I thought there were many things I already knew about hostel life, may it be the terrible food we all complain about and bond over, or wardens, the human equivalent of a ‘vadayakshi’ or the size of the rooms or the friends you make or the weird conversations with your roommate post-midnight. It is with these hopes and preconceptions I had walked into the hostel of NIT Trichy earlier this year and, boy oh boy, there were so many things I still needed to learn and understand.
Also Read: Memories Of A Hostel Jeevitham
One of them, quite shockingly, was a discovery that shook me and at the same time seemed so profound, I had to sit back and think about it, let it meditate at the back of my mind before I put it into words.
Walking into my hostel room for the first time and realising there was no mirror in there scared me. The past twenty-two years of my life was defined by the constant presence of myself, a reflection and a shadow who looked back at me when I looked at the silvery surface. Suddenly, it was taken away from me, and I felt lost and suffocated as if I had had a fight with my constant companion.
While my mirrorless existence seemed absurd and rather weird, I found my fingers hesitating over my keypad as I attempted to order a mirror online. I rationalised the decision in the beginning, telling myself that it was only because I didn’t find buying a mirror feasible. Eventually, all I felt was relief at the fact that I didn’t have to look at myself anymore. I liked the version of myself who was not under my constant surveillance.
Here are a few of my thoughts on a few months of living without a mirror.
We are taught to love a mirror
If we were to dig deep behind the story of how a mirror came to be, we’ll have to go back to the tale of the Greek hunter, Narcissus, who spent all his time gazing at a puddle, at the image of himself for the rest of his life. How different are we from Narcissus?
From the time we are born, the mirror becomes an extension of who we are. We see ourselves for the first time in a mirror, make judgements about ourselves and these value judgements and opinions we make slowly become permanent and they become our self-concept. Thus, a mirror, which is clearly a piece of technology takes up an even bigger position in our daily existence.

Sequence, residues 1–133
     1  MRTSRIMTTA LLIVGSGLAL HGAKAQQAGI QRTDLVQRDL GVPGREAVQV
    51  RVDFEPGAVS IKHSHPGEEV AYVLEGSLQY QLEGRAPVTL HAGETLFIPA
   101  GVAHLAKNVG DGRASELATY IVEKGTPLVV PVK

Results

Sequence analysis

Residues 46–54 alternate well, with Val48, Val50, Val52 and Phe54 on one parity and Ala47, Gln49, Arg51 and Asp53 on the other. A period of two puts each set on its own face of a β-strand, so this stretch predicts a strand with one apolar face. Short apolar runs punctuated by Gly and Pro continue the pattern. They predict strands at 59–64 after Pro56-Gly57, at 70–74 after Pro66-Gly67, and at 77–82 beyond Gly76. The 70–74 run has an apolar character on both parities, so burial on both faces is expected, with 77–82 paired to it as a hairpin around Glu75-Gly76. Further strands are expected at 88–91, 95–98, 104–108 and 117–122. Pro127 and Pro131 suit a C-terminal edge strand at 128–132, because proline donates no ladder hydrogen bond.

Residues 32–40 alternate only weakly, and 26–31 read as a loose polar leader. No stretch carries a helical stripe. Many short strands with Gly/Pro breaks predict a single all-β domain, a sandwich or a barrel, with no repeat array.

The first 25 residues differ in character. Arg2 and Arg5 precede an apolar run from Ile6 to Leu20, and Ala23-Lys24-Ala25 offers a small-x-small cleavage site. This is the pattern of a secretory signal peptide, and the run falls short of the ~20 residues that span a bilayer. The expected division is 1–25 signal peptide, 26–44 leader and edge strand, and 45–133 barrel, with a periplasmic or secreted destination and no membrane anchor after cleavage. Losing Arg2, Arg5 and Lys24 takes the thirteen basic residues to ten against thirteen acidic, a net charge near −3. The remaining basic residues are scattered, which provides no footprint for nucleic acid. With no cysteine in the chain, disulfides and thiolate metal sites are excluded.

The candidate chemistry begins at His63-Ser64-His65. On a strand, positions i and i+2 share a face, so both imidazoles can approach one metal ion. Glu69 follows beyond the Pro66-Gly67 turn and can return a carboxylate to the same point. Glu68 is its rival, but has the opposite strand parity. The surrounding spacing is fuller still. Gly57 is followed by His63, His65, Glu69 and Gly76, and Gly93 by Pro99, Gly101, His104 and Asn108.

When the mirror is not around, transformation occurs
Have you ever had that experience where you were in your room, dancing to a random playlist, entirely lost to the world around and then your eyes meet your own image in the mirror? Suddenly, the surroundings reappear, the music fades and for a second, you are so consumed by who you are, there is no turning back.
The idea of a mirror and what we look like in a mirror is romanticised in popular culture and cinema. But the moment you stop encountering a mirror, you become more aware of your presence. You also learn to detach yourself from situations. It is no longer about how you look, how you react and how you act, instead it is about how you participate, how you feel and how you respond.
Mirrors have given us access to various aspects of our own lives. I wonder, how many of these were actually meant to be monitored? Between the silvery surface of a mirror and our eyes, we learn to imagine and view the world through a filtered perspective. Remember the advice you were given when you were seven and wanted to get better at public speaking? Practise in front of a mirror!
Essentially, a mirror makes us self-aware, it does not just show us how we look, but how we want to be and how far away we are from our ideal selves. This self-awareness comes with a heavy price, one which is inevitable. Everything we do, every action you take, every word you speak, every moment you spend with someone else or even yourself is punctuated by this self-awareness, especially to the point where you cannot imagine your own existence without it. However, the moment you stop looking for approval from your reflection, you also stop looking for invisible approval from others. You are no longer the protagonist, just a bystander, watching, learning and doing.
You lose a close friend and it’s really hard
While living without a mirror seems like a fun social experiment to attempt for a few days, not many people make that choice consciously. I was forced into it by the circumstances I live in and it truly is a relief knowing that it is temporary.
Mirrors are often spaces of comfort, when nobody is around, your reflection seems as real as you are. You can speak to it, play with it and manipulate it any way you want to. You can look at a mirror and love everything you see or hate everything as well. You can cry in front of it, laugh at yourself, get angry, be mad or even maniacal. There is only so much judgement a mirror can offer and you already know what is coming. A mirror can be your best friend and worst enemy at the same time and parting from it is a hard experience, almost equal to losing an intimate relationship.
Have you thought about living in a parallel reality where mirrors were never discovered? If not, it is worth a thought, especially because we seem to take it for granted.